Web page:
Wednesday, October 10, 2007
The Iliad and Me: The Why, The How, The Book
I recently started reading the Iliad, which I found to my pleasant surprise, was a book that I enjoyed greatly. The Iliad and the Odyssey have been on my list of books to read for a while, and I have only just now reached The Iliad. I have read the first six books (can't wait to reach the tenth book) and I am enjoying it. I remember when I first started it I was surprised to reach the end of the first book, which means that I was enjoying it so much I didn't notice how fast I was going. I highlight passages, descriptions, phrases, names and dialogue as I go. A lot of them have to do with horses, and I am surprised at how much emphasis it puts on horses in it. Horses or something of and related to horses is mentioned on nearly every page. It makes me realize what a huge part horses were of the culture and the need to survive back then, kind of like a car is now, except horses were probably a bit more intimate. I think that the men must have grown some attached to their horses, as we grow attached to dogs. Dogs and cats are a huge part of our culture, and we keep them as pets. It's almost a family necessity, although many families go without it; but it is something that (and I'm just guessing here) that about 85% of Americans have in their household. As such, most people (at least nearly all the fighters and noblemen) had horses. Tolkien also put a lot of emphasis (for that kind of a book) on his horses. He gave them names, created special races, and extraordinary mounts for the characters. Apparently, horses were also a big part of life in Middle-Earth. Rohan, home of the horse-lords especially. Eomer and Eowyn both have names with Rohan (horse) heritage. When I began to realize this, I thought to myself: "If Tolkien and Homer did it, why can't I unveil it?"
Meaning: If Tolkien and Homer wrote about times of great war, where the horses were important, where they had minor (but important) parts in the story....what about how they came to meet? What about why those horses and that man (and that woman) have a special relationship that is generally of and pertaining to fantasy? Why not write how and why it happened? I don't feel guilty about making horses a huge part of the book. I'm still struggling with the idea of Ebony and the other horses talking, at all or ever. I think I might do a commentary from the horses' side: he can't talk out loud, but he can make things known. If you have any opinions on talking animals and why or why not, leave me a comment. I'll have a poll on this soon.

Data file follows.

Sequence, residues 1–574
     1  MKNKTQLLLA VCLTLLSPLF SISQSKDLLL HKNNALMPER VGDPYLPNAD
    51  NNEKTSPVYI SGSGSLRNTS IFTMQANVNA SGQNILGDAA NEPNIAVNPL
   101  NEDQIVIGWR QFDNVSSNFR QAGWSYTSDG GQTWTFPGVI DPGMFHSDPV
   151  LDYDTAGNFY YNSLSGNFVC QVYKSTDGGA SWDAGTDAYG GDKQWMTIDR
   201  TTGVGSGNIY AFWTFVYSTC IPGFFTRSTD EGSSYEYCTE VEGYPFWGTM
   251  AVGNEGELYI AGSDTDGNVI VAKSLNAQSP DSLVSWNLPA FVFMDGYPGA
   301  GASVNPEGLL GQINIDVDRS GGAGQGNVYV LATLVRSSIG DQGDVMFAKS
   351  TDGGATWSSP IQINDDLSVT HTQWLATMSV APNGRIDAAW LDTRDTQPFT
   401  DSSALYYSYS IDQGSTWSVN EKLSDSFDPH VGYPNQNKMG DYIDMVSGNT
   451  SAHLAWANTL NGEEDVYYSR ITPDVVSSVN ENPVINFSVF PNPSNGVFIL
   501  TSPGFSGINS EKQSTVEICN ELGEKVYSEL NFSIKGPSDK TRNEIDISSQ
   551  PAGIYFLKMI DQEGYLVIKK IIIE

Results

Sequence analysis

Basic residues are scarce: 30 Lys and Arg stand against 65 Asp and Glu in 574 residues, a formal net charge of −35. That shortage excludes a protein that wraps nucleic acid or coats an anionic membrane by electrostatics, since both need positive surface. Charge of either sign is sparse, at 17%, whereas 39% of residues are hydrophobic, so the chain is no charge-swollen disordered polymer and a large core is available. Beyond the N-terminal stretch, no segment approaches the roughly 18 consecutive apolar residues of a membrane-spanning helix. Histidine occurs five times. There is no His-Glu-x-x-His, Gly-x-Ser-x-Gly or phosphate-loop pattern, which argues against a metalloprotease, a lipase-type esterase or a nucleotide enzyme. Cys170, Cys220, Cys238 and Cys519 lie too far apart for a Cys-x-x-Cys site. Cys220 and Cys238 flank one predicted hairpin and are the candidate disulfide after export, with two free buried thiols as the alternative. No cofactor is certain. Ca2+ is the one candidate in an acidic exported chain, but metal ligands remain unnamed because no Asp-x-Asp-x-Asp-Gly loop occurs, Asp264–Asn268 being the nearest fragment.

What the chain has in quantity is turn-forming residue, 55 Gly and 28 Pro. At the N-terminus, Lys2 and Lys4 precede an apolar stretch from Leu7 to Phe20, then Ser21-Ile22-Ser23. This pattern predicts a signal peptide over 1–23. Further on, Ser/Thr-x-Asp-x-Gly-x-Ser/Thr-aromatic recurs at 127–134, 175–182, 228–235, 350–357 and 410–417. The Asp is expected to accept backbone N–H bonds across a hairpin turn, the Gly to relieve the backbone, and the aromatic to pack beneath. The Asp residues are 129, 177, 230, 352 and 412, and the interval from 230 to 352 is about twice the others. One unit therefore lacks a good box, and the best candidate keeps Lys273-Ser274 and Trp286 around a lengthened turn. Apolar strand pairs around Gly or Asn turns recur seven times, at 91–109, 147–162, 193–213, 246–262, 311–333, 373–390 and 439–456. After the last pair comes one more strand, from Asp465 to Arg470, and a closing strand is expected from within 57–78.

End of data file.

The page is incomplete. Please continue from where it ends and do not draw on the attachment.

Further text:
The Iliad, besides the constant reference to horses, also describes armour and chariots in great detail. I wonder if this was part of their honour or pride? Horse-hair plumage was often found on their helmets (in the Lord of the Rings movies, Eomer's helmet and probably several others were depicted with horse hair plumage coming out the top.) The Iliad, so far, also mentioned a 'god or goddess' on nearly every page as well. Tolkien does have better world-views, although the Iliad is a great book. So far. :) The 'gods' that so many Trojans and Archaens worship did not even create the peoples in the book; I think it was their gods or their parents that did, and thus they might have been created in that way themselves. I am not sure. This is my first time reading the Iliad, and I don't know a whole lot about Greek Mythology. Now I know why Historygeek knows so much about Greek mythology! The Iliad is ripe with it. If I ever need to know something about Greek Mythology, I just ask Historygeek. The Iliad isn't exactly a fantasy, I don't think, but more of an epic. Lord of the Rings is also an epic, but it has an obvious fantastic epicus about it. Harry Potter, on the other hand, is not an epic. I'm not even sure I can call the Narnia tales epics; those are Chronicles. :)
Many of the characters in the Iliad have immoral tastes as well. I have been told that it is very violent and gory; I haven't gotten to any good battles yet. The footnotes, although not part of the original translation, as far as I know, have been helpful in helping understand the story, and very interesting. The story of Pegasus and his rider Bellerophon was briefly mentioned in book six, which I am vaguely familiar with. I don't feel as guilty about the horses anymore, since the word is mentioned on nearly every page in the Iliad. Even Tolkien didn't mention the horses as often, if I recall properly. I am really enjoying the Iliad. I try to read a book a day, so I can get through it easier. I don't like leaving off in the middle of a chapter or a book. I think I heard that the Iliad took up about eight scrolls to write. I am not sure that Homer even wrote it. I read that he only told the tales, and they became so well known that people could write them down, in Greek. It is now (obviously) translated into English, but Historygeek says he might eventually end up reading it in Greek, to read it in its most original state. Sounds like hard work, but it is fun work. If you do something that you like, you'll never work a day in your life. I quote...somebody. Can't remember their name. The Iliad and the Odyssey have influenced dozens (hundreds?!) of writers through the ages. Harry Potter may or may not be a product of Iliad influence. Tolkien was, I think, and probably Lewis. I think Paolini probably was as well. If he read Beowulf, he had to have read The Iliad. I give the Iliad five stars (four if you go by amazon rating). I'll post more thoughts on it soon.
Anna Elizabeth Hedges